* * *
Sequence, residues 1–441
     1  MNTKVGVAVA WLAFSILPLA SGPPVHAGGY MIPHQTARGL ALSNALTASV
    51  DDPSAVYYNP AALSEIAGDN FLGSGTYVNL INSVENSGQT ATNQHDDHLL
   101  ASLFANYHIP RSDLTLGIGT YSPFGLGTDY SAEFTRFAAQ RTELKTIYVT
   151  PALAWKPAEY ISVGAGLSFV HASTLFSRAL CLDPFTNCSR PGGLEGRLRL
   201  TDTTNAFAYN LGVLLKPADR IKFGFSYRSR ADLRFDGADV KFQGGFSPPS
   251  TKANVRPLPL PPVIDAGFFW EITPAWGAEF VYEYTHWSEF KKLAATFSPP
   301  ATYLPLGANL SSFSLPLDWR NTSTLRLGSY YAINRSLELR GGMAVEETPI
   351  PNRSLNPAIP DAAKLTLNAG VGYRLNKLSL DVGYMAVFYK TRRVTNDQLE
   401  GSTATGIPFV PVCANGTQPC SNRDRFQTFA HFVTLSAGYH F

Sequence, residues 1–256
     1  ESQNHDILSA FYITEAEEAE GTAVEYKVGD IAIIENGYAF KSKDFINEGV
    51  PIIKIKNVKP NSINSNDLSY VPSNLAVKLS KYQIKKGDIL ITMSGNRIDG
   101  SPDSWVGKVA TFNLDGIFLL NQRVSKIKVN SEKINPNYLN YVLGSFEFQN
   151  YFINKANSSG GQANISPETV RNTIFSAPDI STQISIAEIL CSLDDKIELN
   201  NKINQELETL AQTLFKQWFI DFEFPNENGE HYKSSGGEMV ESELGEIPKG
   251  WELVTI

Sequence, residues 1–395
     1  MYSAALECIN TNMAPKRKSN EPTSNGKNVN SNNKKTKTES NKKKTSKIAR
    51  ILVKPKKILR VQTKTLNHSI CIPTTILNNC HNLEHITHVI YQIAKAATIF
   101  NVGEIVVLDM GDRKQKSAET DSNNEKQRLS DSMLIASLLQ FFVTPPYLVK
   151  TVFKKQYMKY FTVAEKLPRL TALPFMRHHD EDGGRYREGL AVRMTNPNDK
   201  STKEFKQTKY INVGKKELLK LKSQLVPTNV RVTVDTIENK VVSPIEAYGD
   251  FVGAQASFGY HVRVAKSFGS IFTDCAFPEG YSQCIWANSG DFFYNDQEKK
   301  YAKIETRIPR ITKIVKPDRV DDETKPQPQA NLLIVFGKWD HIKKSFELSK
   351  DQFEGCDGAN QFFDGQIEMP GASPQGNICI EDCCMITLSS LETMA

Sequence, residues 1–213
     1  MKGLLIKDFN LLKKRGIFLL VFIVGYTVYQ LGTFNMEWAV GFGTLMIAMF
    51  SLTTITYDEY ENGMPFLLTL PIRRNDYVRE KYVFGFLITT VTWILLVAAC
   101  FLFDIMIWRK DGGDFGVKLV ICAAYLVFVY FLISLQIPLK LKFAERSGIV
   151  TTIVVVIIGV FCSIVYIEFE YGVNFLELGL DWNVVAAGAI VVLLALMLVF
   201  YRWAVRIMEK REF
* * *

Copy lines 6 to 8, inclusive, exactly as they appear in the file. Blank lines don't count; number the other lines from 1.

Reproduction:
   201  TDTTNAFAYN LGVLLKPADR IKFGFSYRSR ADLRFDGADV KFQGGFSPPS
   251  TKANVRPLPL PPVIDAGFFW EITPAWGAEF VYEYTHWSEF KKLAATFSPP
   301  ATYLPLGANL SSFSLPLDWR NTSTLRLGSY YAINRSLELR GGMAVEETPI